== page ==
Russian banknotes, unlike coins, have a very short lifetime, which varies according to the value: For example, a 1,000-ruble banknote is used, on average, for about three years, while a 10-ruble note usually gets “too old” after just six months, as it’s used much more often. Since 2010, ten rubles have been issued as a coin - which can, in turn, circulate for many years.
Of course, the age of the banknote isn’t the main reason for it to be taken out of circulation. The money can be declared damaged much earlier, as the criteria is quite exact. For example, a note can get dirty and if the dirt makes the colors 8% (or more) dimmer, its state is no longer appropriate. This criteria is checked with the use of special color brightness measurement equipment or when compared with an example - a banknote already proven to be damaged.
If there are extra markings, prints or writing that are longer than two symbols, the note has to be replaced, too. Also, banknotes are deemed damaged if they contain a contrast spot (for example, a paint stain) 5 millimeters or more in diameter.
The integrity of paper matters, too: the banknotes often get torn at the edges. If at least one tear is 7 millimeters or more long, the money is damaged. So are banknotes with holes 4 millimeters or more in diameter. The paper can also be ripped into halves and fixed with a piece of scotch tape. Banknotes are also deemed damaged if they have faded print or are missing parts like corners (at least 32 square millimeters) and torn-off edges (5 millimeters or more).
There is one common rule: 55% of the note must remain undamaged, as it makes the money capable of payment, so it can be exchanged for a new banknote in a bank. Banknotes with some damage must also be accepted by any seller for payment. Any attempts of the seller to refuse to accept this money are illegal.
Damaged banknotes have to be destroyed, so newly printed ones can take their place. In the USSR, the disposal of damaged money was only done in Moscow. At first, the banknotes were voided at the main storage of the State Bank of the USSR - round holes were made in them. In the 1980s, there was a case when the paper waste from the holes was sold at a marketplace as confetti. After their cancellation, the banknotes were destroyed at the ‘Goznak’ (short for ‘Gosudarstvenny Znak’ or “State Insignia”) paper factory. They were put into special big pots, where high-pressured water vapor removed all the paint and spread the banknotes into fibers. This method hasn’t been used since the fall of the USSR, as it’s very expensive and ecologically harmful.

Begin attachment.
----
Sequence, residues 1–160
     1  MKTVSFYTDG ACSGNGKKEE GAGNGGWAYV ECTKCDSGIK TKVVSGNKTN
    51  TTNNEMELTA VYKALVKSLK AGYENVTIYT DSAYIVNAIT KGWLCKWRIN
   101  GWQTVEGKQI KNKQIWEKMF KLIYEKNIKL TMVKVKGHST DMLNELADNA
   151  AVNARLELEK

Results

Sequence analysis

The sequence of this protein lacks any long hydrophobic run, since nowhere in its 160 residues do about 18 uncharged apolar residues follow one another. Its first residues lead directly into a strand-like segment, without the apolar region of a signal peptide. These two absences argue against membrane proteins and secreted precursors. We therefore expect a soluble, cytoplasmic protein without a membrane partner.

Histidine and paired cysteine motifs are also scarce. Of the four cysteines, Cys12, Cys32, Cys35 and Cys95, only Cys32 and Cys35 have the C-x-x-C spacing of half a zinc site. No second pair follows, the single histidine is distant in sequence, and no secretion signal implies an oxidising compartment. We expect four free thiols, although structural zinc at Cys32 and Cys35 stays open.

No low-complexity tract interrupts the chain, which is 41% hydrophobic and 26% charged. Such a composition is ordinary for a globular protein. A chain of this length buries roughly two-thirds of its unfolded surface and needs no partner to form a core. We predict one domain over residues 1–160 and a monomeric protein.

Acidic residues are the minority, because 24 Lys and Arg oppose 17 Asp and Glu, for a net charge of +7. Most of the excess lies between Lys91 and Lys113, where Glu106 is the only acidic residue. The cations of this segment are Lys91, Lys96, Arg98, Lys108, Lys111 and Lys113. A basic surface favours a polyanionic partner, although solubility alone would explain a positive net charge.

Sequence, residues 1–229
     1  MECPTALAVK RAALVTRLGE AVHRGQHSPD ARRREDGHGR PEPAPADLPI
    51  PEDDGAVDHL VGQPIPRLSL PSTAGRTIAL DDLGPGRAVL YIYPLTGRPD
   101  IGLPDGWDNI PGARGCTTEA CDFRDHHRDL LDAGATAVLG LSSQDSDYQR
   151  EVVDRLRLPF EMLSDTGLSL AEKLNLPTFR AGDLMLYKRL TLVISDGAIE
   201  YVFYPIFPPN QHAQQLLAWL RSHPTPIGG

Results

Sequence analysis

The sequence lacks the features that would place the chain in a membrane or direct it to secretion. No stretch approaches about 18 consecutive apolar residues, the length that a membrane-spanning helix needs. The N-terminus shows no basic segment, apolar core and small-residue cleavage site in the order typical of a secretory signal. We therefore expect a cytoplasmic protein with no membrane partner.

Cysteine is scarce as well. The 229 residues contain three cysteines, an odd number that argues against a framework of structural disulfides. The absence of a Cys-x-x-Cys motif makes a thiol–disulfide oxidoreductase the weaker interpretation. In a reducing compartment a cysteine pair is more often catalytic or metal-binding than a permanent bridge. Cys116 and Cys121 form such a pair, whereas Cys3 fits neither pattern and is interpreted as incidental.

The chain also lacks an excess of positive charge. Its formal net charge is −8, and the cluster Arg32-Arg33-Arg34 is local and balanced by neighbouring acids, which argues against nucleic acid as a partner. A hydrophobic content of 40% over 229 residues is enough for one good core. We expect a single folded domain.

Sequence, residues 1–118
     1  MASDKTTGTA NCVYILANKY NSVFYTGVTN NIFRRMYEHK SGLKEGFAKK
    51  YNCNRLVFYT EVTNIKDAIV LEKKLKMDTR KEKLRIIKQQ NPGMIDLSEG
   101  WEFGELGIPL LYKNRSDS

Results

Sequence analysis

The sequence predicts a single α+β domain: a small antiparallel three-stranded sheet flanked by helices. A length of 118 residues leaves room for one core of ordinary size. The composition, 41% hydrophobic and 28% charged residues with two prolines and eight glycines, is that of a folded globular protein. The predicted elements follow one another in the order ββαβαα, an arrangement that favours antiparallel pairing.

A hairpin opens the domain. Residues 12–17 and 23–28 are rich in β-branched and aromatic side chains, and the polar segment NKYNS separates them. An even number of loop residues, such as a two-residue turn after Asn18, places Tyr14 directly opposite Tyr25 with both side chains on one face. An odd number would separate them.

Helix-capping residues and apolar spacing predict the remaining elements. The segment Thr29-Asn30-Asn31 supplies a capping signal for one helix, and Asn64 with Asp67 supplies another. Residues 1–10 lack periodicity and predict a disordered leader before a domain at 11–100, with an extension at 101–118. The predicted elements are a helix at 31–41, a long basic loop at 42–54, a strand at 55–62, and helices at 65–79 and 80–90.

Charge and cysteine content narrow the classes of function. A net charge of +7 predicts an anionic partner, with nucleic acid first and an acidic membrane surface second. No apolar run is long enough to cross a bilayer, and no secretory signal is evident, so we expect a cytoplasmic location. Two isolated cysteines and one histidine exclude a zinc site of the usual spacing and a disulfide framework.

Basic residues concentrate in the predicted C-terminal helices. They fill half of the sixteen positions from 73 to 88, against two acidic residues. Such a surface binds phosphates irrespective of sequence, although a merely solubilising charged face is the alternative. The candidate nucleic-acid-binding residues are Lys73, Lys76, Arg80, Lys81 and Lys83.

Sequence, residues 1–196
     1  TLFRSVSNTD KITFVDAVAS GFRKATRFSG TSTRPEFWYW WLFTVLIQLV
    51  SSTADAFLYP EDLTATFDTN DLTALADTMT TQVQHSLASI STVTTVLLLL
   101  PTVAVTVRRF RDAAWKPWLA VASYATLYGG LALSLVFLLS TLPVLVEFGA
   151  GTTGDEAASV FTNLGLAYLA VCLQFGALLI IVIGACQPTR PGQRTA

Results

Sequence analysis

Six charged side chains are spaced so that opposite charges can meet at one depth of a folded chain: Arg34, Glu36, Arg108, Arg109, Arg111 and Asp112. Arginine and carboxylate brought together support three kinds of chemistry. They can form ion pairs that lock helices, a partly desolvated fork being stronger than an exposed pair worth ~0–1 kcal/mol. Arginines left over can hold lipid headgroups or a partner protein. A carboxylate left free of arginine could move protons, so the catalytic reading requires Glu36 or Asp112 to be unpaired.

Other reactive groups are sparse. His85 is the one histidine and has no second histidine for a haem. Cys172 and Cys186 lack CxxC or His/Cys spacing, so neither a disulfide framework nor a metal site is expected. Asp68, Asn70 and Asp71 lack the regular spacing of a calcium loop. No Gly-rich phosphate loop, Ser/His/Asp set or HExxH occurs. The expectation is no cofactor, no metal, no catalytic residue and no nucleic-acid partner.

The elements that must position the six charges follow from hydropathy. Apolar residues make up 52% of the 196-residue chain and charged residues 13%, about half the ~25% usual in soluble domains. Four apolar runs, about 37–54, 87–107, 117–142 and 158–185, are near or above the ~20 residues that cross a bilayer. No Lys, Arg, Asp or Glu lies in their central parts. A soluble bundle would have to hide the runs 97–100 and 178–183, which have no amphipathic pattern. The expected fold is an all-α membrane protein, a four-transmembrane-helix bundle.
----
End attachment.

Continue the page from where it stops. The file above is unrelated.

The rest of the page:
There also was the second way of money disposal - by burning it. Specialists wanted to use the burning banknotes as fuel, because paper money gave off high temperatures; however, it turned out to be too difficult. An automatic way of putting the banknotes into the oven wasn’t invented, so workers had to do it manually, while several officials controlled this process. The temperatures made this kind of work very dangerous. Also, there weren’t enough damaged banknotes for the oven to operate day and night, so it had to accept other types of fuel or stand idle - which was difficult and unprofitable.
Nowadays, the disposal of damaged banknotes is done in several big Russian cities, including Moscow, St. Petersburg and Novosibirsk (2,800 kilometers south-east of Moscow). The process is usually done in the buildings of the main branches of the Bank of Russia for the federal districts of the country. The cash collectors bring the banknotes there from commercial banks and then a machine sorts them into three types: normal (they will then go back into circulation), damaged and doubtful ones. The last type is given to experts whose job is to find out if the note is worn or fake. These people use different equipment and have to be very careful during their examination: for example, they have to divide torn and scotch taped banknotes back into parts without causing extra damage.
The briquettes of money chip scrap.Ilya Pitalev/Sputnik
The damaged banknotes are then destroyed in two stages. The first is a shredding machine that shreds the banknotes. The second turns the paper into mulch. It’s then pressed into briquettes. The presses can deal with up to 500 kilograms in an hour. The briquettes are taken to a disposal field as a waste of the fourth category (the safest type in this classification).
With regards to coins, they, too, need examining before being deemed damaged. Their main criteria is 75% of the original mass must be intact to consider a coin valid for payment. Damaged coins go to the mint of St. Petersburg where they are flattened and get a wavy form.
A coin with a missing part.
Experiments have shown that when the paper mass of former money has been cleaned from the printed ink, it can then be used in making building materials for thermal, isolation and roofing needs. In any case, the amount of destroyed banknotes is still too small for these discoveries to become an industry in itself… for now!
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